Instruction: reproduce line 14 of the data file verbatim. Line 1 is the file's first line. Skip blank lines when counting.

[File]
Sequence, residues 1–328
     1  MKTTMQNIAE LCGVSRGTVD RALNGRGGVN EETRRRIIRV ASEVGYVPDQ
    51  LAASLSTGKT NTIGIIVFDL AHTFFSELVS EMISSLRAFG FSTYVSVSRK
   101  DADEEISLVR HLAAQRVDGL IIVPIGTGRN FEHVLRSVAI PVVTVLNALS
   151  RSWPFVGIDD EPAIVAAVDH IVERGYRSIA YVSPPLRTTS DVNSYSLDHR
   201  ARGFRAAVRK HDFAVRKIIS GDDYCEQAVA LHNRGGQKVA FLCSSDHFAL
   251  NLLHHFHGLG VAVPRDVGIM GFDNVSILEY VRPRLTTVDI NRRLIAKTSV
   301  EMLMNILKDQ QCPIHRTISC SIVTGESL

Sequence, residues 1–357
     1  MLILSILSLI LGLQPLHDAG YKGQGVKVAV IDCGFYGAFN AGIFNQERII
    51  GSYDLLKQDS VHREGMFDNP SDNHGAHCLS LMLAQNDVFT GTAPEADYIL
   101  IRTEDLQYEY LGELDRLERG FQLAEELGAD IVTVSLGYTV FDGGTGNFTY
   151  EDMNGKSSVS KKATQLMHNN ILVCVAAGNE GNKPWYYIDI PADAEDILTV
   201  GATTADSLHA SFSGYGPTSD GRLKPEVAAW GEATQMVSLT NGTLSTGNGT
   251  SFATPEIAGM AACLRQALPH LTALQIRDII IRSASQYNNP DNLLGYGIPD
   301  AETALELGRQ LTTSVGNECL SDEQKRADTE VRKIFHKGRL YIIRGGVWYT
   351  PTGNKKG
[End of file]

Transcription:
   201  GATTADSLHA SFSGYGPTSD GRLKPEVAAW GEATQMVSLT NGTLSTGNGT